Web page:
French actor Depardieu sides with Putin, criticises opposition
MOSCOW Jan 13 (Reuters) - French actor Gerard Depardieu, recently awarded Russian citizenship by President Vladimir Putin, has praised the former KGB spy and said his political opponents offer no real alternative.
Depardieu, who has been accused in France of abandoning his homeland to avoid a proposed 75 percent tax for millionaires, told the state-run Rossiya-24 television that Putin personified Russia's complex and fascinating national character.
"I like this man very much, he is a very powerful political activist. He has political wisdom," the 63-year-old star of "Cyrano de Bergerac" and "Green Card" said in comments aired late on Sunday, according to the channel's Russian translation.
The translation was dubbed over the original French, which Rossiya-24 said would not immediately be made available.
Depardieu, who is also due in court to answer charges of crashing his scooter in Paris with more than three times the legal alcohol limit in his blood, said Putin had admitted to liking his "hooligan essence" when the two met in the Russian resort of Sochi last week.
Putin's opponents accuse him of cracking down on dissent since his return to the presidency for a six-year third term last May. The European Union and the United States have also expressed concern that Moscow is rolling back democratic freedoms.
"The Russian opposition has no programme, nothing. There are very smart people there, like (former world chess champion Garry) Kasparov, but what works well for chess is completely unsuited to politics," Depardieu said.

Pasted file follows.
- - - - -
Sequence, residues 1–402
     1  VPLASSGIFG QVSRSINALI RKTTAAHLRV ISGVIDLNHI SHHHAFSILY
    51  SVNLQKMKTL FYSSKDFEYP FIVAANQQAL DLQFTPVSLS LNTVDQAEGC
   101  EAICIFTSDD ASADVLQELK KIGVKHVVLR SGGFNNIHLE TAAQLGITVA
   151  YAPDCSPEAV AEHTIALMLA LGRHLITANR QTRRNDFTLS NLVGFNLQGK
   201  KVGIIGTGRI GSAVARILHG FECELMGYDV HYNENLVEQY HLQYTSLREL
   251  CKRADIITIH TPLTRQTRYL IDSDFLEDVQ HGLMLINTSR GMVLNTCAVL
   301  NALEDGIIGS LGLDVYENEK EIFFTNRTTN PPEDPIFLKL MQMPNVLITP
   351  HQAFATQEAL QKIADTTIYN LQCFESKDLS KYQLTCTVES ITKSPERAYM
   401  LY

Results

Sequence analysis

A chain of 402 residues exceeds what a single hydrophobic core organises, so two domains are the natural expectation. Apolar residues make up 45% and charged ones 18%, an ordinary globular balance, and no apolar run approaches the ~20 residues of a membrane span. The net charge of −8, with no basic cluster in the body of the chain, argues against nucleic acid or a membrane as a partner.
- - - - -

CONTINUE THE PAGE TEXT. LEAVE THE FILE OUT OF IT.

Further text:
Opposition activists were quick to react. Violetta Volkova, defence lawyer for several opposition members facing charges over anti-Putin protests, wrote sarcastically on Twitter: "Prominent political analyst Depardieu..."
Putin's critics have failed to make inroads into his grip on power in over a year of protests sparked by accusations of widespread fraud in parliamentary elections in December 2011, and the presidential vote last March.
The protest movement has gradually lost steam, though tens of thousands of people marched through Moscow on Sunday to protest against a Kremlin-backed law that bans Americans from adopting Russian children.
After the protest, leftist opposition leader Sergei Udaltsov was quoted as inviting Depardieu to take part in the next anti-Putin rallies, given his interest in Russian politics.
Putin says he has developed a friendly personal relationship with Depardieu, a popular figure in Russia, where he has appeared in many advertising campaigns, including for ketchup. (Reporting by Gabriela Baczynska; Editing by Kevin Liffey)
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